Rep. Marjorie Taylor Greene's father might have even wackier beliefs than his notoriously conspiratorial congresswoman daughter.
The newly elected Georgia Republican promoted the right-wing QAnon conspiracy theory and others before entering politics, but her father Robert D. Taylor published a 600-page novel Paradigm to reveal his own "revolutionary" theory -- which he called "The Taylor Effect" -- to unlocking the mysteries of the stock market, reported Politico.
"What is tomorrow's Wall Street Journal worth to you today?" Taylor wrote about his 2006 book in promotional materials. "Where is the line between reality and fiction? Are the financial markets really predictable? Does an ancient artifact hold the key to how some of the world's wealthiest families made their fortunes?"
The book was published the same year his son-in-law Perry Greene, the congresswoman's husband, acquired full control of the construction company Taylor founded around 1970, and presents Taylor's theory that stock market dynamics can be predicted by "gravitational fluctuations."
"The back of his book goes into great scientific detail with supportive data," wrote reviewer Bill McDonald, of the Military Writers Society of America. "What you really have is a great action thriller novel for 80 percent of this book followed by an equally interesting non-fiction appendage at the end of the book with Taylor's economic theories. It is a combination that causes one to lose track of what is fiction and what is real in the story."
McDonald compared the novel to Dan Brown's Da Vinci Code, but Taylor's own description of the theory's reliance on intricate dials, gauges, crystals and carvings sound like something out of Charles Portis' hilarious Masters of Atlantis.
"[Paradigm] is a unique and masterful blend of intelligent scientific suspense and bold historical mystery stretching from earliest antiquity to the present day-and beyond," Taylor wrote about the novel himself. "His intriguing plot and cast of memorable characters makes for a suspenseful pager-turn that will keep readers guessing about where the lines of reality and fiction merge."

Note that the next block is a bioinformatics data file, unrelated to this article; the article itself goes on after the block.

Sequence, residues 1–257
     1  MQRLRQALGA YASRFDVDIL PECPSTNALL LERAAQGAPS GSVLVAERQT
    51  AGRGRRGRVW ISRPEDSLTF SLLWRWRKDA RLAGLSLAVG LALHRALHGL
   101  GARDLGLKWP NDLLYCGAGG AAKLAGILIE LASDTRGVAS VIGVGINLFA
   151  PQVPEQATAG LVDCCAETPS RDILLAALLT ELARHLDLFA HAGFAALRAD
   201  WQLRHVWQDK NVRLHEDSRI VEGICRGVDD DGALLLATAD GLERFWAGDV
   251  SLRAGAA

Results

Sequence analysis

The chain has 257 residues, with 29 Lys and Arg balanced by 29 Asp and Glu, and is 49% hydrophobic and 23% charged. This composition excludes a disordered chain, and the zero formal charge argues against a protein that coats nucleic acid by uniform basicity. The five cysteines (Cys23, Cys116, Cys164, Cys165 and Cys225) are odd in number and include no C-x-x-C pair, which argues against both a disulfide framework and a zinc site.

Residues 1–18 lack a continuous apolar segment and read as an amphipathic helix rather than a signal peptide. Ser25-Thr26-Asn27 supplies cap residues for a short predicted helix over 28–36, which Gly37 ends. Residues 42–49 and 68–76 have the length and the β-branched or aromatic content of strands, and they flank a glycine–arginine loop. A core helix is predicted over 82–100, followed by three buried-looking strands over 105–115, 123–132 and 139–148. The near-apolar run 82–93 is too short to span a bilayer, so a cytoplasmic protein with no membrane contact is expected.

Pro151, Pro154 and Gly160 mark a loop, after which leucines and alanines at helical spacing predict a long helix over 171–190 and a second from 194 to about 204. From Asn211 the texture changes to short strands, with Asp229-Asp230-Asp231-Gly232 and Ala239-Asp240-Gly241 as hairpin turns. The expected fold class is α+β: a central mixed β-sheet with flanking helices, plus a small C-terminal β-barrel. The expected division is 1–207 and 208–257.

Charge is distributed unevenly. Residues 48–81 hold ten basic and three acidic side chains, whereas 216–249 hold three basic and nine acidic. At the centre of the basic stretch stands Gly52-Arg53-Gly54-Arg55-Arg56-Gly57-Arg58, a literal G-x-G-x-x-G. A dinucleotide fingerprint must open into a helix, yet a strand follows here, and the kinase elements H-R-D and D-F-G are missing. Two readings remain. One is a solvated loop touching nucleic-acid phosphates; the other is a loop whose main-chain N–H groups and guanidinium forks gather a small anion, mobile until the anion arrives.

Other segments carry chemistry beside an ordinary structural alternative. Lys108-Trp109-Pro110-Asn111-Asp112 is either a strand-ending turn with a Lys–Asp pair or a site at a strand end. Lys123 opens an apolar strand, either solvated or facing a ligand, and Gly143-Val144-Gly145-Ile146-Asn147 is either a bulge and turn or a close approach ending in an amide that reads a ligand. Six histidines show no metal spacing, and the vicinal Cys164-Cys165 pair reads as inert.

Taylor was so impressed with his eponymous theory that he claimed it had been nominated for the 2000 Nobel Prize in Economics, which a Nobel spokesperson was unable to confirm to Politico.
"Information about nominations is not to be disclosed, publicly or privately, for a period of 50 years," the spokesman said.
Amazon reviewers were not quite as effusive in their praise as McDonald or Taylor, who one reader complained went silent when challenged on his theory.
"I would invite anyone to compare historical tidal data in the locations outlined with the conclusions presented in the book - they do not match," wrote reviewer EMT in a 2011 one-star review. "When I confronted the author with this fact, the reply was that he was too busy to look into my query - but he was pretty available when it came to recommend buying his book in the first place. This to me suggests intellectual fraud, in the sense that the results are clearly not what the book purports them to be, and no willingness by the author in addressing them."
Other readers complained about the plot and characters, and felt Taylor's theory intruded too heavily.
"If not for a plot based on 2 dimensional yuppies straight out of the 80's, on whom a page-turner can sometimes sneak by, then definitely it's a plot entirely dependent on the unbelievably persistent wrong choices of the dumbest smart people you could invent," wrote pb in a 2018 one-star review.